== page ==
Is Education unjust to girls?

Education enjoys such a shared positive value that few people are willing or able to see schools as institutions that protect a very uneven gender status quo. Connell (1996) recognises the gendered regimes of institutions, which through structural arrangements and daily practices recreate ideologies that are oppressive to girls and women. Schools clearly constitute such regimes: It has been observed across several studies that schools do engage in a sexual division of labour with women usually teaching at lower levels and men at higher levels and as administrators, and women teaching humanistic and social science subjects while men predominate in mathematics and natural sciences. In their daily interactions, those—both young and adult—who inhabit the schools face (and typically accept) manifestations and attitudes of masculinity as contrasted with those of femininity. Authority patterns foster the mindset that men are naturally endowed to control and lead.

Masculinising practices in discipline, sports, peer culture and some of the sex-segregated courses tell students and teachers alike that boys and men are superior to girls and women in many respects (Connell, 1996). Numerous gender codes in school serve to re-contextualise what is appropriate gender behaviour in the family and community and translate it into appropriate gender academic and social practices in educational environments. The personal ideologies of teachers regarding sex roles are a major factor in determining their willingness to use non-sexist or anti-sexist materials (Streitmatter, 1994); teachers untrained in gender issues, therefore, usually reproduce conventional views of femininity and masculinity. In other words, not only cognitive but also cultural, ideological and emotional outcomes are reproduced by the schools.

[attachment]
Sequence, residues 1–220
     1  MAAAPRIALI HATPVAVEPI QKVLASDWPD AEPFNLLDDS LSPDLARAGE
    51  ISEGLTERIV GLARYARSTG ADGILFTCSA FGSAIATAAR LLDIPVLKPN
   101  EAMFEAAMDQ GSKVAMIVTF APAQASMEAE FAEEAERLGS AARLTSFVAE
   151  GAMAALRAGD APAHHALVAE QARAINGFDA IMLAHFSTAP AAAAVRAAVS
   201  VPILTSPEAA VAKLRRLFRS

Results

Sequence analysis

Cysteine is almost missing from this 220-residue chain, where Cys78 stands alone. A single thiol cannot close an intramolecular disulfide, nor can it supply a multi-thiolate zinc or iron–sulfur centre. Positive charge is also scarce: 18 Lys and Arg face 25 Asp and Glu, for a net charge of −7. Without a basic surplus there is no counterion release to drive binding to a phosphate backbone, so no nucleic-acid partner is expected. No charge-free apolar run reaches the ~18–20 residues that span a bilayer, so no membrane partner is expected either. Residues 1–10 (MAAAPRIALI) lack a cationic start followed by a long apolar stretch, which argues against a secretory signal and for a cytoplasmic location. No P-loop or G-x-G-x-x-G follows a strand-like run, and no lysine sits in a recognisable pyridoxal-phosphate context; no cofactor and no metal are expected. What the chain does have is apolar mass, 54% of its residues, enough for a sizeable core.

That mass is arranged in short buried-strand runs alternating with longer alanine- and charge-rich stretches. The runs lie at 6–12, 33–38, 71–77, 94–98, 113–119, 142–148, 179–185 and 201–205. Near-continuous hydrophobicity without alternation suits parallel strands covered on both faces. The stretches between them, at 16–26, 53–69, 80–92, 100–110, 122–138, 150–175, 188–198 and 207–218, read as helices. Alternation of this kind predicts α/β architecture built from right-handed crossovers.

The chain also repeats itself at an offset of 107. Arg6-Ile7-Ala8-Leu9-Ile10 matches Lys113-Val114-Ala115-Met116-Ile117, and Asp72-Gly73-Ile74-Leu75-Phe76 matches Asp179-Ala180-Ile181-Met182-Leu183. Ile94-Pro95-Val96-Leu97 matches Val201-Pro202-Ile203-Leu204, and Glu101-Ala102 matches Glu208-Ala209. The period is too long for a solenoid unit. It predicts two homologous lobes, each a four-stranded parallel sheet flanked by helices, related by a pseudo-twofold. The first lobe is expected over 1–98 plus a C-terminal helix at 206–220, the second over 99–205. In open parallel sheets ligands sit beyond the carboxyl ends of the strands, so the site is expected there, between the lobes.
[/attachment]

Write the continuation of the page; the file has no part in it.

While the above might be generalisations that are being actively combatted through policy and planning at current times, the mindset however, remains. The idea of school is not to create a world outside of the existing knowledge realm but to be able to settle from the point that needs to cater to the actualisation of the goals. There has to be a way by which these show effect in the current work phase to be able to make sense. From a feminist perspective, in fact, it is difficult to separate from academic achievement and school knowledge such gendered aspects of schooling as sexuality, gender identity, gendered aspects of adolescent discourse and subcultural norms of masculine and feminine behaviours that pervade the school environments.

There have been shifts over time in the ideological construction of femininity and masculinity. But a rationality that favours men prevails and thus it is men who, in administrative roles, constitute the majority of educational leaders. School organisations and their processing of knowledge create environments that are not sufficiently critical of dominant social class and gender division to discourage their reproduction. Ironically, adults—either educators or parents—engage in a posture of denial vis-a`-vis the total functioning of schools, not accepting the highly influential role of peers in the creation of gendered subcultures that often match the influence of the gendered regimes the schools themselves provide.